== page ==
- India joins many other countries and cities across the globe in reimposing localised lockdowns following sharp spike in the number of new coronavirus cases in the country.
- Researchers in the United States say that the first vaccine tested in the country had worked to boost patients’ immune systems and is set for final testing. This is as the number of cases nationwide rose by 65,682 for a total of 3.45 million with at least 919 new deaths added to the tally of around 136,000.
- The blood from seriously ill coronavirus patients on ventilators was found by researchers to be highly inflammatory and harmful to the body, the South China Morning Post reported on Wednesday, citing a study by Dutch scientists.
- More than 13.3 million people around the world have been diagnosed with COVID-19, 7.4 million have recovered, and more than 579,300 have died, according to data from Johns Hopkins University. The US, Brazil, the United Kingdom, Mexico and Italy have recorded the most deaths.
Wednesday, July 15
14:15 GMT – Amid virus spike, North Macedonia holds national elections
Voters in North Macedonia are donning masks to take part in a general election, following months of delays due to the coronavirus pandemic.
North Macedonia, a former Yugoslav republic with a population of around 2 million, has reported more than 8,200 confirmed cases, including 385 deaths. The small country north of Greece saw new cases rise in recent weeks after infection-control restrictions were lifted.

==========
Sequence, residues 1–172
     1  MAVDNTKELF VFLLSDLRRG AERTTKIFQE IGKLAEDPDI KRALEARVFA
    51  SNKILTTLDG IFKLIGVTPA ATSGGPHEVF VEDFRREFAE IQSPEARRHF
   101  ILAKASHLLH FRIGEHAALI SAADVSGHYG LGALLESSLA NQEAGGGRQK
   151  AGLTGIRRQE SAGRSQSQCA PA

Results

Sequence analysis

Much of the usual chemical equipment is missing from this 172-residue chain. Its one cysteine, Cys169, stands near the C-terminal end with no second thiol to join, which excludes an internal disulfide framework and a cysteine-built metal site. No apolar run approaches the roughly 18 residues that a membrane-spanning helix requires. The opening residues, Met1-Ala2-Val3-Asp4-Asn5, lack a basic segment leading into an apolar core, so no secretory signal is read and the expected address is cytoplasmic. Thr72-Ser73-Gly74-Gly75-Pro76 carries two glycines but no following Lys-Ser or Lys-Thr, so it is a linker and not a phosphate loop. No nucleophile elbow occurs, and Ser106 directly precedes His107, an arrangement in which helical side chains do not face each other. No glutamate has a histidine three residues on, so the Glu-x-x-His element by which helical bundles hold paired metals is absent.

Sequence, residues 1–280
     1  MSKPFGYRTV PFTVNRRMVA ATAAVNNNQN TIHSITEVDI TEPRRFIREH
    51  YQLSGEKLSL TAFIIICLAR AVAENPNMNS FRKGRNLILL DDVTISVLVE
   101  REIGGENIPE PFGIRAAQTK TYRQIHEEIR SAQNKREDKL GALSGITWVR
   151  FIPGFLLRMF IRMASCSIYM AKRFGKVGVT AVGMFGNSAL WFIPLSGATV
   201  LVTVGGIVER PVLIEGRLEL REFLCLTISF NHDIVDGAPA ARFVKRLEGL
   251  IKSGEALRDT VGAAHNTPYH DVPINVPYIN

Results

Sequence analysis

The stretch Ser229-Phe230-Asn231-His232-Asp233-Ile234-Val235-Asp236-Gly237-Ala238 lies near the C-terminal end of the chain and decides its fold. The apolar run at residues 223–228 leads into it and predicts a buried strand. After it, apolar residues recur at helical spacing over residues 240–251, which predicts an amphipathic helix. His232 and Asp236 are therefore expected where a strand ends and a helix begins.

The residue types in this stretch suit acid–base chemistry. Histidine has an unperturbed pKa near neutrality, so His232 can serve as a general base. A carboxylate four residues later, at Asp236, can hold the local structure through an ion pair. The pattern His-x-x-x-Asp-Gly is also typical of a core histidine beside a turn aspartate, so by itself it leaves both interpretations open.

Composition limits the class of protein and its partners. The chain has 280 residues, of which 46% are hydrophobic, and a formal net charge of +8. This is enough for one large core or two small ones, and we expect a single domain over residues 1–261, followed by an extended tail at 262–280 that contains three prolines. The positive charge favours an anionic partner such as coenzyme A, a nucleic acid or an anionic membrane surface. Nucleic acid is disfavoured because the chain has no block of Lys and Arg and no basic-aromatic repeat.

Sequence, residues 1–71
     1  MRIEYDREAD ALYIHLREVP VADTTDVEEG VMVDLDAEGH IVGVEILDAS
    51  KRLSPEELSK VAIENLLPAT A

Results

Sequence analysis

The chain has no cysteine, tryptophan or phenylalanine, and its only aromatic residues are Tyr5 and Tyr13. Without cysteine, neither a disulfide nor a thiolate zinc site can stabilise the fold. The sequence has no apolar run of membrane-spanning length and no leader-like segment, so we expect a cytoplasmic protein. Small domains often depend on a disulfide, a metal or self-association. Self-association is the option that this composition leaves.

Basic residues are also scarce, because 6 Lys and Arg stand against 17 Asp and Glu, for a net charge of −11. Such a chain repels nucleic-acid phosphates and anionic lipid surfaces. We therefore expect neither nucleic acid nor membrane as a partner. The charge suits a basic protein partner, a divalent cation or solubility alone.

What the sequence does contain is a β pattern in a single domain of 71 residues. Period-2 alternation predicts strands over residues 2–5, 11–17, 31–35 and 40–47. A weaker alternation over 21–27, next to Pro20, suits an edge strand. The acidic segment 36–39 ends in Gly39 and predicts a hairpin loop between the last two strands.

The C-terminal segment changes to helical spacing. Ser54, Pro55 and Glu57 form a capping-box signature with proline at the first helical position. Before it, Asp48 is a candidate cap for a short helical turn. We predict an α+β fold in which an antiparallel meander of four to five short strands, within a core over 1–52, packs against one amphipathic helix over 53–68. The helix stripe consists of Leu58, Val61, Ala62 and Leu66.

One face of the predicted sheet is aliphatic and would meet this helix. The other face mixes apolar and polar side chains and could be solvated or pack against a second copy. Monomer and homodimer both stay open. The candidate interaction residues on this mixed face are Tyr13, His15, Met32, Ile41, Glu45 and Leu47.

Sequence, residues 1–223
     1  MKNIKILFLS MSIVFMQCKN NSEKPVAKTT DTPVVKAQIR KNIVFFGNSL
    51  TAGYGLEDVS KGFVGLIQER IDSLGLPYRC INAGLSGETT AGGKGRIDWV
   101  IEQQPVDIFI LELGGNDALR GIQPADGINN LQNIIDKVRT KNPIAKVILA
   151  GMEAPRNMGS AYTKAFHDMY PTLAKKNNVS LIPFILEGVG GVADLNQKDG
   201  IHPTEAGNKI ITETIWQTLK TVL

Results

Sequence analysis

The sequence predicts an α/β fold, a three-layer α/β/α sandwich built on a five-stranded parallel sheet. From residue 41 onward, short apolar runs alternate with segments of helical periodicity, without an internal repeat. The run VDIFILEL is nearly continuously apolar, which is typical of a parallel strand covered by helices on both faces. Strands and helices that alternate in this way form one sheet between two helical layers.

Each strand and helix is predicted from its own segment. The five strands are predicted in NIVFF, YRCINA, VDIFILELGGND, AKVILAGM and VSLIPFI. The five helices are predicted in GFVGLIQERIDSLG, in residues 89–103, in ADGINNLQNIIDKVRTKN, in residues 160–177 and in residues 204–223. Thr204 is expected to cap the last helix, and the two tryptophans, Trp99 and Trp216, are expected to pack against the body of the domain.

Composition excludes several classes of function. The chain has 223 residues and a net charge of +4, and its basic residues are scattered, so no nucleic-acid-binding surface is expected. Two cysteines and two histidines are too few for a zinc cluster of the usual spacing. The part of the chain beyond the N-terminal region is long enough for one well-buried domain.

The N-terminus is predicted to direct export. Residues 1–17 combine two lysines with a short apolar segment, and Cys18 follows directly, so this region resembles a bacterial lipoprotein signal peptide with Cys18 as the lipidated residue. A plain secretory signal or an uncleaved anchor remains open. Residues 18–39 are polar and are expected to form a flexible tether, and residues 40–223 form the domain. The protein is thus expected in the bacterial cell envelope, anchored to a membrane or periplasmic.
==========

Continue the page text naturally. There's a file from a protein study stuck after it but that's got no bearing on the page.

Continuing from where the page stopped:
Election campaigns were limited by social distancing rules and calmer than in past elections, which produced vitriolic animosity between the two main parties.
Opinion polls suggest no party will achieve an outright victory Wednesday, leaving the winner to seek a power-sharing deal with parties representing the country’s large ethnic Albanian minority.
The election is being monitored by a team of international observers and final results are expected Thursday.
13:45 GMT – UK PM Johnson commits to coronavirus inquiry, but not yet
British Prime Minister Boris Johnson committed to holding an inquiry into the country’s handling of the coronavirus crisis but said now was not the time as the battle to combat the pandemic was ongoing.
Opposition lawmakers have been pressing for an inquiry after ministers were criticised for being too slow to lock down, to introduce mass testing and to deliver protective equipment.
Johnson has repeatedly said his government took the right decisions at the right time but also admits that lessons will have to be learned after the pandemic which has left Britain as one of the worst affected countries.
“We will seek to learn the lessons of this pandemic in the future and certainly we will have an independent inquiry into what happened,” he told parliament.